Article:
Abit IP35 Pro Intel socket 775 Motherboard

Test Setup and Installation

Installation

Installation was possibly the easiest of any board I have reviewed so far on OC3D. The sheer amount of space created out of nowhere on the IP35 Pro is pretty nice and both my Scythe Infinity and my SwiftTech Apogee GT fitted no problems at all.

abit ip35 pro installed abit ip35 pro installed close

Now here's how I tested.

Test Setup

The following test setup was as following:

Intel Xeon 3070*
Abit IP35 Pro Motherboard
Sapphire X1600 Pro
1gb Mushkin HP2 6400 (4-4-4-10)
Hitachia Deskstar 7K160 SATA HDD
Sony DVD-Rom/CD-RW
Silverstone 560w ZEUS PSU
Silverstone TJ09 case

For comparison I used results from an earlier review by OC3D on the Abit AB9 Review, the AW9D max Review, the Asus P5B-E Plus Review, the abit IN9 32x Max Review and the XFX 650i Ultra Review

Testing

To test the motherboard I first ran it at stock using as stress test comprising of Orthos (dual Prime95), Folding @ Home running on both cores (set to idle priority) and RTHDRIBL running 1/2 screen. I let this run for 12hours to see how the board would fare.

The benches and tests used on the motherboard were:

Super PI 1m and 32m

SiSoft Sandra:

Processor Arithmatic
Procsssor Multemedia
Memory Bandwidth
Memory Latency

3DMark05 and 3DMark06 @ 1024 x 768 and 1280 x 1024

Counter Strike Source @ 1024 x 768 and 1280 x 1024

HD Tach

Cinebench:

CPU Rendering
OpenGL

Note also that I lived with and used the board for a period of around 2 weeks to check out fully any issues that I found.


As usual there were no problems with installing Windows etc and this all worked out of the box, after simply changing the RAM timings to suit and memory voltage to 2.1v.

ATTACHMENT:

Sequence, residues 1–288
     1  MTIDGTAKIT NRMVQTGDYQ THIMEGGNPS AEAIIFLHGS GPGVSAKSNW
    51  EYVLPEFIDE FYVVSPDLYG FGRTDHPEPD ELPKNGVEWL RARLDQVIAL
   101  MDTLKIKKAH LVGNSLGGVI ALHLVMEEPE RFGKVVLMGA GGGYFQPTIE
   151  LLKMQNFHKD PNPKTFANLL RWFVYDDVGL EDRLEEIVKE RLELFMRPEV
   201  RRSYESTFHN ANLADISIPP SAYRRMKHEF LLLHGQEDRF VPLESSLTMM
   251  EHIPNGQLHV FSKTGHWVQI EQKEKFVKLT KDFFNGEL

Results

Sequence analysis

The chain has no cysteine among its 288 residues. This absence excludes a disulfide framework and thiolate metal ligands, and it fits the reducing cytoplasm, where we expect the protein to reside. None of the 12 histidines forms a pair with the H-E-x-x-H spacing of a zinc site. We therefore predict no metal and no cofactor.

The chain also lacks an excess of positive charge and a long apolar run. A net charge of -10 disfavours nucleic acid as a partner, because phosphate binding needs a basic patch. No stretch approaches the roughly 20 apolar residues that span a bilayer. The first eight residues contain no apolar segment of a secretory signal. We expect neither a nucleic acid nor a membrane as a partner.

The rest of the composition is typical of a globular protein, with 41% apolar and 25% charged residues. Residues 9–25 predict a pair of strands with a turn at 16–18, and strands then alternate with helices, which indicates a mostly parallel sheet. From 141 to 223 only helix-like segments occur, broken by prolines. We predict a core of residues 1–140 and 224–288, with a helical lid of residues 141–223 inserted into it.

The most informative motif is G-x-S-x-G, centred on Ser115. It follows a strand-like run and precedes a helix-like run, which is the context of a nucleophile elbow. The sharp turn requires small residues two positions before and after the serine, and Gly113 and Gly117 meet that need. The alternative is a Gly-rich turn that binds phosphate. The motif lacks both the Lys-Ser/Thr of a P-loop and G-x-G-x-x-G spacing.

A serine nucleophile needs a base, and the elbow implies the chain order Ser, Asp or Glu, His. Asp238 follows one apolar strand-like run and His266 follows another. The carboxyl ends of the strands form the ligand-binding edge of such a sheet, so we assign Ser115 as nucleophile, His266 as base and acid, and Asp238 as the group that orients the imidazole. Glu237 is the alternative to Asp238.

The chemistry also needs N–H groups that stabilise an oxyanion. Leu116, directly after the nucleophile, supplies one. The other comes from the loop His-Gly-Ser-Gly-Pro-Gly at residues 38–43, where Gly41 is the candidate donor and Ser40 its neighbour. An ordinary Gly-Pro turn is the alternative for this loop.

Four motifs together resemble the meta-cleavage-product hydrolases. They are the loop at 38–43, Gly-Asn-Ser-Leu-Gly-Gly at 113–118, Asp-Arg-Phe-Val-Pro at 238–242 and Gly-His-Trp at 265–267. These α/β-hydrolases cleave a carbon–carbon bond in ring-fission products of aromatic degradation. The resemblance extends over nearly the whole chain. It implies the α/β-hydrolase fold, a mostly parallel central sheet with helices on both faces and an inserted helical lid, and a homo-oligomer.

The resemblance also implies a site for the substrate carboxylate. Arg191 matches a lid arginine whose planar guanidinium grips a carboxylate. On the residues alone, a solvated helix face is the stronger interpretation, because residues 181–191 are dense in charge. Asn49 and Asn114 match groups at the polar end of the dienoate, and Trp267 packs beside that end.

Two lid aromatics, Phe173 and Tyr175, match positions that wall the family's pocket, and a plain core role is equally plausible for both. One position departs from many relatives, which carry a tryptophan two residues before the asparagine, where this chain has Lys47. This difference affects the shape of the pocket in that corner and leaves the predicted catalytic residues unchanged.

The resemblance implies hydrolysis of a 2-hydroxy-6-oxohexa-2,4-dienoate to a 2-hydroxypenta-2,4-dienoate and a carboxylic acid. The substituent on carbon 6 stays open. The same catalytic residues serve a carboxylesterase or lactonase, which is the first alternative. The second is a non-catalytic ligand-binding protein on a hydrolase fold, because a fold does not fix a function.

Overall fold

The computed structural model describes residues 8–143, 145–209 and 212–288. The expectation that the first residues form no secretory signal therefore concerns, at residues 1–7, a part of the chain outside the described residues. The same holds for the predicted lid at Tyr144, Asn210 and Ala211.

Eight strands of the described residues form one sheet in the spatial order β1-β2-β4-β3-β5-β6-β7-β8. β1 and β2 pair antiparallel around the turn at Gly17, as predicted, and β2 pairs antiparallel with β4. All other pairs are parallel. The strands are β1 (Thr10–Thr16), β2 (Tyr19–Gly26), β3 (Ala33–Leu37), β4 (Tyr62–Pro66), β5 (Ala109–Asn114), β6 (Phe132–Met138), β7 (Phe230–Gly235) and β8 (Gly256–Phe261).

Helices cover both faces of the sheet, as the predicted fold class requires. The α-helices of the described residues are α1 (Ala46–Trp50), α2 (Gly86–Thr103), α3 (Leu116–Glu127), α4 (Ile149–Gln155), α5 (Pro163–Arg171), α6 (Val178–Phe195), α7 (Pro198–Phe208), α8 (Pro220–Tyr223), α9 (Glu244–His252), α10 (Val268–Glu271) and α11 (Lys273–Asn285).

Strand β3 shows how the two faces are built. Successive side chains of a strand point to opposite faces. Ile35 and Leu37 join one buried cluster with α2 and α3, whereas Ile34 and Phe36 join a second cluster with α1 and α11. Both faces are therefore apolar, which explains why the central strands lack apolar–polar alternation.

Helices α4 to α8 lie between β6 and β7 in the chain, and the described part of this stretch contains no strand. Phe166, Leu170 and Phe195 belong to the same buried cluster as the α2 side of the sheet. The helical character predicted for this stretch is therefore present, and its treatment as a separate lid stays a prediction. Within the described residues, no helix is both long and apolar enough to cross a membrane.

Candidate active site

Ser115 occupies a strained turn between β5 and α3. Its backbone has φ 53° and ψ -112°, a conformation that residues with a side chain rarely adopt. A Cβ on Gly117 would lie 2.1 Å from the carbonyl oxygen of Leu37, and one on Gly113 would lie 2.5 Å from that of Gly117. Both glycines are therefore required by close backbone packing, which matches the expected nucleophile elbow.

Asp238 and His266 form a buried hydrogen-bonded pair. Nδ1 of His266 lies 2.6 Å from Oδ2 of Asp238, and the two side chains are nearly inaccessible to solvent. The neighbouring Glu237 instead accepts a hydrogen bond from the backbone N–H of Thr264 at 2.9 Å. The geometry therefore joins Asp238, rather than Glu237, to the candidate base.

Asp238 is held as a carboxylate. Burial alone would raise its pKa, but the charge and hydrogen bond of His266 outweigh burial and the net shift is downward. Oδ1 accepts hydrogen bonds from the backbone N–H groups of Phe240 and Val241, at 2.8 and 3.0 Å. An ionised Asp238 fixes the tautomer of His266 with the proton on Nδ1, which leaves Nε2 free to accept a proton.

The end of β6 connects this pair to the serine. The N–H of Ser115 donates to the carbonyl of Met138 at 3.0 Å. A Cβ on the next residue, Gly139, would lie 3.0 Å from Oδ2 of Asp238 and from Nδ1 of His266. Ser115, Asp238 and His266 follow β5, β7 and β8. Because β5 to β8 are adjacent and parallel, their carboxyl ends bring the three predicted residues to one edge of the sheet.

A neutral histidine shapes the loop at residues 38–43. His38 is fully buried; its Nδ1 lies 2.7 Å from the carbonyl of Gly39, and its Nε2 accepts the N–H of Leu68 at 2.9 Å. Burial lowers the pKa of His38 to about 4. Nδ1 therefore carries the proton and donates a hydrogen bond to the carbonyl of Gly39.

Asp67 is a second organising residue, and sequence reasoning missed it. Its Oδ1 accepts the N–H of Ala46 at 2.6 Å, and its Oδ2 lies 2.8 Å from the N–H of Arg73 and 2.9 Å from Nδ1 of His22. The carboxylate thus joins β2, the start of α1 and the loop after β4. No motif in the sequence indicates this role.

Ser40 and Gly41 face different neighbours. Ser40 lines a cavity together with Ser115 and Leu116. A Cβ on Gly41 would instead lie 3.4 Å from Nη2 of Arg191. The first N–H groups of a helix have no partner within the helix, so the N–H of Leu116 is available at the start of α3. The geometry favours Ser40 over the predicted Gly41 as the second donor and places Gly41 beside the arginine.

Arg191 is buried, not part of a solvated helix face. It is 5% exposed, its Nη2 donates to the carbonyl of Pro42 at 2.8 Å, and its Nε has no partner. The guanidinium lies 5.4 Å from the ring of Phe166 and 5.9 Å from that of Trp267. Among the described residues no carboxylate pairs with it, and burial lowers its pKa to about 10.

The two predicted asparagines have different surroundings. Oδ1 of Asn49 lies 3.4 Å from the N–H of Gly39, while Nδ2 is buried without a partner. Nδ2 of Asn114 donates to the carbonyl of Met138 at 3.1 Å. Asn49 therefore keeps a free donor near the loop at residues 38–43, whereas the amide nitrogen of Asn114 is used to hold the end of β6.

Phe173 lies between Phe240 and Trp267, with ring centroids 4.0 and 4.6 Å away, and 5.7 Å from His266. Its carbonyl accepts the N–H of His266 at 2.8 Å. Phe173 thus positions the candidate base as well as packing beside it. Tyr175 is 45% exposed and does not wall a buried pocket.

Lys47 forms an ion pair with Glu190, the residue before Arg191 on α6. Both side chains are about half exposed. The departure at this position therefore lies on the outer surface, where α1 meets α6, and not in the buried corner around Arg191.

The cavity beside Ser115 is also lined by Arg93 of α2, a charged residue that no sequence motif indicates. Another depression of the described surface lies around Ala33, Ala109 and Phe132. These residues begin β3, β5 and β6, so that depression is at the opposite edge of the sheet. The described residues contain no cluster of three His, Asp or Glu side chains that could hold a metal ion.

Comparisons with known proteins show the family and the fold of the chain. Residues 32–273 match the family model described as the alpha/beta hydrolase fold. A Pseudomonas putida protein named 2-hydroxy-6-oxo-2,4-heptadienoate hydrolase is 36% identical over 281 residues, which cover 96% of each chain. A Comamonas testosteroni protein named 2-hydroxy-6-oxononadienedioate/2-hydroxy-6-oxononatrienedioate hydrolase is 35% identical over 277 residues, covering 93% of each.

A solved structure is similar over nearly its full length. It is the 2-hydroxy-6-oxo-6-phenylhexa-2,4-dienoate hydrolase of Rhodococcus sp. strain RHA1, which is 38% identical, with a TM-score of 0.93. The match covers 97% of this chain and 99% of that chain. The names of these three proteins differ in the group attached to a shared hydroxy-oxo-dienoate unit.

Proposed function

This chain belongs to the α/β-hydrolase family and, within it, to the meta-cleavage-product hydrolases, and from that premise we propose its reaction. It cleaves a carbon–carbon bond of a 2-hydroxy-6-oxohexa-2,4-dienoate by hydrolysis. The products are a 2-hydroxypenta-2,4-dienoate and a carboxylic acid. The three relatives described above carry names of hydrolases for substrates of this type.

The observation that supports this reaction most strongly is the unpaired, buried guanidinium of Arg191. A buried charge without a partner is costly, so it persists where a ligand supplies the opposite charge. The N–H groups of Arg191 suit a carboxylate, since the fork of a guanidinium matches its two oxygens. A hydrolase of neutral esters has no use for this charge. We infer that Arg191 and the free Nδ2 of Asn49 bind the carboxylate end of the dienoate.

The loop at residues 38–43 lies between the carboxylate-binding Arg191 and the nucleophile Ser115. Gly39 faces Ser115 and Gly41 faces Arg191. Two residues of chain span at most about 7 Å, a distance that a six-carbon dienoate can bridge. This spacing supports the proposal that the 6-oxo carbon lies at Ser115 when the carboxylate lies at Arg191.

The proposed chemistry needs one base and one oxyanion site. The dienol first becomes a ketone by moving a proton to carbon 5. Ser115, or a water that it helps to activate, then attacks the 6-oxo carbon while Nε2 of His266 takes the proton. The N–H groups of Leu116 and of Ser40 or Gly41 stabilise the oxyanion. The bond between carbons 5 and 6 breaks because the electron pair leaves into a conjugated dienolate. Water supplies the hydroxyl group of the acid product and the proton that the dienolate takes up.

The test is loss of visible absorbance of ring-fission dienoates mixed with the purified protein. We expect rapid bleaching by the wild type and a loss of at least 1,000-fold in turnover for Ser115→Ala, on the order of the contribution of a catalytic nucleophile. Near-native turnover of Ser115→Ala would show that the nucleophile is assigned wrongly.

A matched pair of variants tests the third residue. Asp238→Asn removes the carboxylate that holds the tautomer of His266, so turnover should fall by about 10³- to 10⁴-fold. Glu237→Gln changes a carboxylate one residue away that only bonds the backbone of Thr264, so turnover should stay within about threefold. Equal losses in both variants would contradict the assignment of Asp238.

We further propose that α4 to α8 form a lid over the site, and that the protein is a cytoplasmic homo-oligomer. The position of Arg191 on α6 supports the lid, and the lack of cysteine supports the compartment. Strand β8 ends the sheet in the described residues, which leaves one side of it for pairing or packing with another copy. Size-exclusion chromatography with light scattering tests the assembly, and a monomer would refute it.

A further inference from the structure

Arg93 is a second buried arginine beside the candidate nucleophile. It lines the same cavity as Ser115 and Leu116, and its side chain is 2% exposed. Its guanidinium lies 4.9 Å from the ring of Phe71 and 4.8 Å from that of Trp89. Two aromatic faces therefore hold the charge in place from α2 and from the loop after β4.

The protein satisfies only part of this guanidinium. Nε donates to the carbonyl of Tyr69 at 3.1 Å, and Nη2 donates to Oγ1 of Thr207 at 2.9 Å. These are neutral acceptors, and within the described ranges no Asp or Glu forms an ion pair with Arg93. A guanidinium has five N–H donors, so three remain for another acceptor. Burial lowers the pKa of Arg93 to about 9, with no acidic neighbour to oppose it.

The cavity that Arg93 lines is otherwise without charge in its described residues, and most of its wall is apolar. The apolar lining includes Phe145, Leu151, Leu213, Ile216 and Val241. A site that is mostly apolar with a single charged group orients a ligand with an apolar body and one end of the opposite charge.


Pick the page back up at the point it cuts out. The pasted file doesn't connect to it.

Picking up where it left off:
* Please note that there has been a change of CPU and although this is basically the same CPU, there may be differences in results.
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Most Recent Comments

14-02-2007, 09:13:14

Rastalovich
Great review Kemp, nice bunch of packaging akin to the rocketboy type of stuffz. I do wish the µguru thing was more of a 5.25 bay thingy tbh. Last time I checked, retailers were ramming these devices down peoples throats for like £11 or so - which amazes me why u never had one in the box ?!?

I would hope these good results will boost a tad more after some bios revisions, board to board I`d expect this one to be a bit better than shown - but meh..

Kewl, I recognize some of those photos too Quote

14-02-2007, 09:27:58

PV5150
Excellent review as usual mate. The 680i's are toasty little sods for sure, and it's a pity that abit didn't even provide some form of active cooling to try and address the problem. Well done Quote

14-02-2007, 09:35:57

Rastalovich
Their answer, and a few other manufs answer, seems to be to add this ugly looking heatpipe structure to stuff.

Heatpipes are great, but I don`t personally like the idea of 2 or 3 of the hs being connected together.Quote

14-02-2007, 09:38:11

FarFarAway
2 or 3 connected together is fine, but that needs active cooling to work okQuote

14-02-2007, 10:51:54

TJS
Great review, Kemp, thanks for doing it as I was thinking of grabbing one. Now for my thoughts...

DAMN DAMN DAMN! I think the 680i chipset is good but not the king, would really like to see the 975X (or updated chipset) that can support nVidia's 8800 series gpu's in SLI... and done by ABIT. ABIT boards look great, and with the exception of the EZ PLUG for added graphics power, I like their layouts; not to mention my AW9D was rock-solid, even using an E6600 @ 3.7GHz... my 680i mobo can't touch it, only solid at 3.4GHz or lower.

Like the EZ CMOS as well, no more dip-switch installations! (newer mobos don't have problems like the old mobos after a bad OC, but it's the thought that counts!)

I personally don't see all the fuss over the passive cooling for the NB/SB. My case uses 4 120mm fans on the side of the case, so I get a lot of extra cooling... not to mention the little fan that came with my mobo for the NB, so I don't have a heating problem. I think it works fine, even without the little fan made for the NB; on the other hand, an enthusiast board should give the user the option to remove the passive to add active (fan) cooling solutions. The only thing I wonder about is the need for pipes from SB--NB--PWM... do the pipes really do anything for the cooling?

TJSQuote
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